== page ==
Faced with criticism from several quarters, the Ministry of Woman and Child Development has withdrawn three of the earlier drafts of the anti-trafficking legislation. It has now issued a new comprehensive draft Bill that introduces severe punitive measures for trafficking of all kinds, from using victims as bonded labour or as child soldiers to forced begging.
Apart from civil society organisations, the original Bill was also slammed by the National Commission for Women chief Lalitha Kumaramangalam, who termed it ‘untenable’.
The original version of the Trafficking of Persons (Prevention, Protection and Rehabilitation) Bill, 2016, released by Union Minister Maneka Gandhi in May, had punitive measures for only two kinds of offences. These included administering narcotic or psychotropic drugs or alcohol to the victims for the purpose of trafficking or using chemical substances or hormones for the purpose of exploitation.
Moreover, the draft focused mainly on crimes such as prostitution or slavery.
The revised version now spells out a range of other offences, expanding the very definition of trafficking. The new list of offences includes trafficking for the purpose of bonded labour, begging, bearing a child, under the pretext marriage, using as a human shield or child soldiers.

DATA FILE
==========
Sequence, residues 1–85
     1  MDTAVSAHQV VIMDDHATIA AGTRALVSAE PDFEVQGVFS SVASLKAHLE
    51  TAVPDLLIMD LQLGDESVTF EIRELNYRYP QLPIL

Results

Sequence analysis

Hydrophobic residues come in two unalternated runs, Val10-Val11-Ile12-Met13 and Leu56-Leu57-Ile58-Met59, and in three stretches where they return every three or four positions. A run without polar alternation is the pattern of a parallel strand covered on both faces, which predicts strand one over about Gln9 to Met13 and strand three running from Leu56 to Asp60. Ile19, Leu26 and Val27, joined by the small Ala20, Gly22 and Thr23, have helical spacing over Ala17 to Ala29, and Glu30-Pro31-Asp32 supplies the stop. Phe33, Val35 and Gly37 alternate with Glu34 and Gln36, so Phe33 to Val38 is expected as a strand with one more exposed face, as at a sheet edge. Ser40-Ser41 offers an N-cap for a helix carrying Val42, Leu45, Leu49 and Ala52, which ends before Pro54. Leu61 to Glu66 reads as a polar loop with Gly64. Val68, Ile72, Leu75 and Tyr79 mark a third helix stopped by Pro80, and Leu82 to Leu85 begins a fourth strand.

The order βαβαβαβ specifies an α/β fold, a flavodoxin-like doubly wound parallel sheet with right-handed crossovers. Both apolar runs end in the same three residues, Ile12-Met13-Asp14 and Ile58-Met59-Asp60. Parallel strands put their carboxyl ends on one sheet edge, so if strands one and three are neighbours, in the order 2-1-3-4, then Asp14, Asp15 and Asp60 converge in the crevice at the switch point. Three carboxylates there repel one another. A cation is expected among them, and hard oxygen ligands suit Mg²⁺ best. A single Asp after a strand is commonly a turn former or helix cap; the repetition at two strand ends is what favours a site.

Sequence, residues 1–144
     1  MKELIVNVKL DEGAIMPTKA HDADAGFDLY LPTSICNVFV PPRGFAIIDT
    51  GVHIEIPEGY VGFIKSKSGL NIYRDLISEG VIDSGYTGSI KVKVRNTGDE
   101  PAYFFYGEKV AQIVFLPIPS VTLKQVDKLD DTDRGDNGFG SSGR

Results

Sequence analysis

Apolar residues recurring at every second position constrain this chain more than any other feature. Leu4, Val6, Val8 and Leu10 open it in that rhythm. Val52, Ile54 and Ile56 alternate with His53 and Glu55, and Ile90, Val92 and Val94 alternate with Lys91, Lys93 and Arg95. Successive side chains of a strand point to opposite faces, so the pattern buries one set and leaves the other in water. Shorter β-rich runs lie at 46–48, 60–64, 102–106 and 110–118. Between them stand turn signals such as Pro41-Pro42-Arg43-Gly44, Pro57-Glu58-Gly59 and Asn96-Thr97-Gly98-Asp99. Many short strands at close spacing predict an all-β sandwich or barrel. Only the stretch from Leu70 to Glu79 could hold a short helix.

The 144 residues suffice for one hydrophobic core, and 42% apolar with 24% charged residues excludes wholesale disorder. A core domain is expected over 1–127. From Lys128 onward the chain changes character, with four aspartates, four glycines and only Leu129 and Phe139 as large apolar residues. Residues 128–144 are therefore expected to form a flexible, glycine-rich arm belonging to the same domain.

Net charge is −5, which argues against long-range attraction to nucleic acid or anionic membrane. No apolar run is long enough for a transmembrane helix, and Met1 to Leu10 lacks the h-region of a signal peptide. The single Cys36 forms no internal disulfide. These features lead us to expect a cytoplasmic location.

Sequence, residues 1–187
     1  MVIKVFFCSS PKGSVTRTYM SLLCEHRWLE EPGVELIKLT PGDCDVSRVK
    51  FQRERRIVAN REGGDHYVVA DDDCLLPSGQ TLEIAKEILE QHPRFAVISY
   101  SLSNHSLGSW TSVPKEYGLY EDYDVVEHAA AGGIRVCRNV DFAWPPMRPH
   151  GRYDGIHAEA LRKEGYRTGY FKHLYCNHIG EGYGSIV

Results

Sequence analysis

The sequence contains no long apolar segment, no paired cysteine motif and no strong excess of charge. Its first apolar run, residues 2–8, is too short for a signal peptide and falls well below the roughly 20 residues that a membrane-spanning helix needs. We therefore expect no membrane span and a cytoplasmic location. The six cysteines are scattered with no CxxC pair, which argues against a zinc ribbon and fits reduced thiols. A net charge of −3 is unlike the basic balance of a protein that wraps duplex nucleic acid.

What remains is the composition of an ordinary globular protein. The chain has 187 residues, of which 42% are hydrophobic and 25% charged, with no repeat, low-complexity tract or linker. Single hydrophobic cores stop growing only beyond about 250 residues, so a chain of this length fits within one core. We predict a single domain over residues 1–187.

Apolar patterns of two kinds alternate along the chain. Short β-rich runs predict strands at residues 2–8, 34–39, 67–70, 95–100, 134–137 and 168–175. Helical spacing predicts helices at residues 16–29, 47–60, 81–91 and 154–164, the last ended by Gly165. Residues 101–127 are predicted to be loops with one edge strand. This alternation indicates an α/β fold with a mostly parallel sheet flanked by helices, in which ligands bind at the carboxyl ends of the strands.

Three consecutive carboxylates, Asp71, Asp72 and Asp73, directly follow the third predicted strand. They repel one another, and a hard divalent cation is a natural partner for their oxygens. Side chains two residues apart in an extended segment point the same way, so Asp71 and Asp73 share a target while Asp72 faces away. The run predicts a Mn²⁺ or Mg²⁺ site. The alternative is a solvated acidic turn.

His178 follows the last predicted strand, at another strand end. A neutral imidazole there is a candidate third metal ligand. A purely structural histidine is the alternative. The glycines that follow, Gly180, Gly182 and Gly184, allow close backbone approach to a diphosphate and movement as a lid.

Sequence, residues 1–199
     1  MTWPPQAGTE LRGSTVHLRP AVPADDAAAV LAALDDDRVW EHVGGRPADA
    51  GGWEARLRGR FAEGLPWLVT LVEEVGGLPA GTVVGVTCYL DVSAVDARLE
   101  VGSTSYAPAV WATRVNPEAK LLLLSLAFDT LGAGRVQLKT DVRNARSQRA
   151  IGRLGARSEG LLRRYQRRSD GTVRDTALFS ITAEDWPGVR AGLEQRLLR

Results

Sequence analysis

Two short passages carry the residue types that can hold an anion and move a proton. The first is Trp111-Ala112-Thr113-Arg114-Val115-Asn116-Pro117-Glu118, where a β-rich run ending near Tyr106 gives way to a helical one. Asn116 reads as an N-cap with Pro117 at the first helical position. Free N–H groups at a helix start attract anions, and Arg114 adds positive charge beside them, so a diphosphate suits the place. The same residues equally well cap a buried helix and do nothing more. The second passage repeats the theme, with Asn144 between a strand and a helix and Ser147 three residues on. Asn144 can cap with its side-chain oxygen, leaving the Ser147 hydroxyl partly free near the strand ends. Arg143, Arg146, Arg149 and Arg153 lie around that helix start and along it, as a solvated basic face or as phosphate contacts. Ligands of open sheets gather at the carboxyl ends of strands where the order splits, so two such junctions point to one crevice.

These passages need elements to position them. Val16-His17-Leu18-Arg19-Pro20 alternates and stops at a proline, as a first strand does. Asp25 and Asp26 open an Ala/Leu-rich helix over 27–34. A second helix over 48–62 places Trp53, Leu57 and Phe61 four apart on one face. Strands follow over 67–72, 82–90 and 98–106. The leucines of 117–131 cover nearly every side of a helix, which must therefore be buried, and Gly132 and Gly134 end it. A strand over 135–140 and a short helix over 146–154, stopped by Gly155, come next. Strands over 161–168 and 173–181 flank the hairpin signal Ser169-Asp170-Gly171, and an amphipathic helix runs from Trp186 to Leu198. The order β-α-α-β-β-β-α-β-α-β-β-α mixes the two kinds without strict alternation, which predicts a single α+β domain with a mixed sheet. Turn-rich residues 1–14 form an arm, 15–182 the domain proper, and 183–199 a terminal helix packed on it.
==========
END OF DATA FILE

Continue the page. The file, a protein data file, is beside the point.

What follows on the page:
The penalty for most of these crimes is a fine of Rs 1 lakh to 10 lakh and a jail term of anywhere between seven years to life imprisonment. Similar offences include causing serious injury to the victim that could lead to her death or suicide or causing life threatening illness or sexually transmitted diseases. The penalty and sentences are enhanced in case of repeat offenders.
“The earlier draft left all these areas untouched. Moreover, the government has dropped its initial plan to repeal the existing Immoral Trafficking (Prevention) Act 1956, which is a progressive move,” said Pravin Patkar from Prerana, an anti-human trafficking organisation.
Former IPS officer PM Nair, who was part of the inter-ministerial panel set up to provide recommendations for the draft Bill, said the original draft failed to address many of the concerns raised by anti-trafficking NGOs.
“The new version takes into consideration most of these issues. For instance, all this while the accused was taken care of by the law, no one knew what is to be done with the victims. The draft Bill now paves the way for setting up a national coordinating body which will ensure that a victim rescued from Delhi reaches her home in West Bengal safely,” said Nair.